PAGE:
Commentary: Good revenue news still falls short of our budget

The $535 million in additional revenue now projected won’t cover the budget’s optimistic forecast.

By Kevin Ranker

As chair of the state Economic and Revenue Forecast Council, I am pleased that our state’s chief economist announced that higher-than-expected tax collections are projected to add $535 million to state revenue through 2021.

This continues a modest but positive increase in Washington state’s economy that we have seen over the last several years. An improving economy means more people working, higher incomes and additional resources for the state’s priorities to ensure every community benefits from our shared prosperity.

However, it is important to recognize that the budget we passed a few months ago relied on a revenue forecast $882 million higher than the one produced by the Economic and Revenue Forecast Council. The additional $535 million we now expect to receive is good news, but does not cover the optimistic forecast used in our current budget.

That said, this money is crucial to fill the gaps in the last-minute budget we signed to avoid a state shutdown. We knew the budget was imperfect, including a lack of funding for the State Need Grant and unrealistic health care savings assumptions. Since we left town, the state has incurred new expenses, including another costly fire season and additional behavioral health funding needs.

There was almost universal bipartisan consensus that the focus of the 2017 legislative session had to be directed at increasing state funds for K-12 education. The new education plan succeeds in providing more state dollars to all local school districts, but may have cut off too much of our local communities’ flexibility in the process. We know every homeowner statewide now faces the massive Republican property tax increase this January, possibly hampering school districts’ abilities to pass local levies and fully fund our children’s education.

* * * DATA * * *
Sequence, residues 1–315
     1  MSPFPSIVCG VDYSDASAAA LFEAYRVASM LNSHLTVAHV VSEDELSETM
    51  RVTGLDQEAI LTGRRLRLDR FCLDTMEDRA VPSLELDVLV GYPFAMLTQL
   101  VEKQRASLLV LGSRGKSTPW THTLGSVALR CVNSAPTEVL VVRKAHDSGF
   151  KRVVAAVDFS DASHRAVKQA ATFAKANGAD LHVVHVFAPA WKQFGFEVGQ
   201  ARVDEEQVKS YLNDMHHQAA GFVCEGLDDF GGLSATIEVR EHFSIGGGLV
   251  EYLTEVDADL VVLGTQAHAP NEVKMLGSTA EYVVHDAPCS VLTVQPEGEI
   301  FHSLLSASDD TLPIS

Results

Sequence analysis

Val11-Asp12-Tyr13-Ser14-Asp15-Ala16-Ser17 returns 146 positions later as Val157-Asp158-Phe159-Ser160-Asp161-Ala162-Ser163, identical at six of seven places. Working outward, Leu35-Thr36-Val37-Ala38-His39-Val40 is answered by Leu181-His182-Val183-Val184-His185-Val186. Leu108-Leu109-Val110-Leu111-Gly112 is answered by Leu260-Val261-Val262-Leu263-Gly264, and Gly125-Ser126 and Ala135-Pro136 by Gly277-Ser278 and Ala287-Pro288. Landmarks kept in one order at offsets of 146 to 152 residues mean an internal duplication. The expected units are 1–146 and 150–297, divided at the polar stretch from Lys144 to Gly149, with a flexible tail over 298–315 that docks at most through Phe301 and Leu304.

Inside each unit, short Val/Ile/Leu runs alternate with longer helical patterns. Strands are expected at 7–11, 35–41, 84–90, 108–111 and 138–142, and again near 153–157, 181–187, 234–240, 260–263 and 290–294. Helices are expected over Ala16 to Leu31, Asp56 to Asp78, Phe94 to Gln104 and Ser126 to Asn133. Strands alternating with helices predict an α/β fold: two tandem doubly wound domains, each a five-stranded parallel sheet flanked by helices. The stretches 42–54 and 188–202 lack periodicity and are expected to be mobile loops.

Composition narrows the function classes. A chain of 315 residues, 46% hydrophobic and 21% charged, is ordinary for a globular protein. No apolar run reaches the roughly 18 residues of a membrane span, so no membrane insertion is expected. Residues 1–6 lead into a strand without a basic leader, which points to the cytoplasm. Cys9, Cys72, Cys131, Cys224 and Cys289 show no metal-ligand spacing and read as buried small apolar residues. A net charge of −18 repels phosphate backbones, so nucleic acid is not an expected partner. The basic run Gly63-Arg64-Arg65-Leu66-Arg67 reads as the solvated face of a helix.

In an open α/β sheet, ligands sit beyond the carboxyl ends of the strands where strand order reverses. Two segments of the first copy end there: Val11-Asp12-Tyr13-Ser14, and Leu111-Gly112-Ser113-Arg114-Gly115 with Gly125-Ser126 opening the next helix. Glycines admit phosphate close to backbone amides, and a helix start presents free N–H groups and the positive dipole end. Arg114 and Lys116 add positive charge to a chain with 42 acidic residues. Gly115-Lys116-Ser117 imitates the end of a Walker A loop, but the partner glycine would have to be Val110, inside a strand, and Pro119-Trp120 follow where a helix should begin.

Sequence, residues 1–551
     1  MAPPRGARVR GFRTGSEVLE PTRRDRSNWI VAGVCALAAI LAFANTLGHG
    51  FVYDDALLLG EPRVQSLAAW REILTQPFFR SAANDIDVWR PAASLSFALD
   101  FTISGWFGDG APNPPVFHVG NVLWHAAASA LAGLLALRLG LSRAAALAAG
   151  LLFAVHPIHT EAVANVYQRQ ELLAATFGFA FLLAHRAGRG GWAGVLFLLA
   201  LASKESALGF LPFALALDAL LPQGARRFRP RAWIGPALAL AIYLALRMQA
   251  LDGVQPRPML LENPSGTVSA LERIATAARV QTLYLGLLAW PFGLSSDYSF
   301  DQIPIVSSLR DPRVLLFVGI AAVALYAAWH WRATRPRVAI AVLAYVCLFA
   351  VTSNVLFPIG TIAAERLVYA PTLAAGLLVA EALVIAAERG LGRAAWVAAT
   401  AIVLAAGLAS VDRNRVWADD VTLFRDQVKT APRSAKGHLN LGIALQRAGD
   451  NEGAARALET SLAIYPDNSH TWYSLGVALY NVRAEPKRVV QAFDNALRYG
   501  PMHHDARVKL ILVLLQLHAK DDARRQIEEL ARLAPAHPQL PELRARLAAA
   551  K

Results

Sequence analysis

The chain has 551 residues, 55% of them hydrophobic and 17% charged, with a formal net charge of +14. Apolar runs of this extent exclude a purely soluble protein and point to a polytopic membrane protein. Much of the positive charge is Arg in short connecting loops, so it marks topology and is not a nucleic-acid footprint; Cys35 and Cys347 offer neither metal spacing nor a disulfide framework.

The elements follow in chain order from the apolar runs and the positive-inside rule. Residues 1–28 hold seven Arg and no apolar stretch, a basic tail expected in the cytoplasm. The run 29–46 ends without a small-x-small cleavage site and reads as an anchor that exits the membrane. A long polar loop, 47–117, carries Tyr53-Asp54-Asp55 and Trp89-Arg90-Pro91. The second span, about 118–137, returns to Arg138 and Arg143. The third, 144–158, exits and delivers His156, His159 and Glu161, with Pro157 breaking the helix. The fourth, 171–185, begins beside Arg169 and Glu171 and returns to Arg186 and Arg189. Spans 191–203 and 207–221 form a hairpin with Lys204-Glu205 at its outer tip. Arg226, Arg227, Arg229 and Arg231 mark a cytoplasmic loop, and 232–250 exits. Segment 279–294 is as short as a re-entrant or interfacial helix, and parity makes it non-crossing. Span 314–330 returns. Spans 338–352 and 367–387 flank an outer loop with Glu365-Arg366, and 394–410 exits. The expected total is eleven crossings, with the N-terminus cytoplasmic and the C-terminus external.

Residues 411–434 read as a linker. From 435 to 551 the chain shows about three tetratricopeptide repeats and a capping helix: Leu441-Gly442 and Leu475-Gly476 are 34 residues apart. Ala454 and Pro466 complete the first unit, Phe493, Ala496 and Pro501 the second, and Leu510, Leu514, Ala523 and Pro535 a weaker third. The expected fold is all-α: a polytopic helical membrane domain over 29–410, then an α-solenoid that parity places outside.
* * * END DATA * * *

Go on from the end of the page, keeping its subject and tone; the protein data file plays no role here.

Working families in districts across the state from Bellingham to Spokane will be tightening their belts to pay for the property tax increase. I am pleased that the Senate Republican leaders recently recognized the hardship their property tax will cause. However, we still find ourselves underfunding critical priorities of the state. To suggest that we walk back the Republican property tax mistake with this modest forecasted revenue increase, particularly when the budget is already unbalanced and new costs are accruing daily, is unrealistic and further affects our communities, our schools and our citizens.

When we return to Olympia, we will need to work aggressively, and in a bipartisan manner, to ensure the Republican property tax increase is managed or reduced in a way that is more equitable to all of Washington’s citizens.

We must begin to truly balance the current budget, mitigating the mistakes and gaps while thoughtfully alleviating the disproportionate and dramatic impacts of the property tax that homeowners will face early next year. It is my hope that I will find a partner on the other side of the aisle to help us bring down property taxes for families across the state while providing for a fully funded education for our children and services for those in need.

State Sen. Kevin Ranker, D-Orcas Island, represents the 40th Legislative District. He is the ranking Democrat on the Ways and Means Committee.

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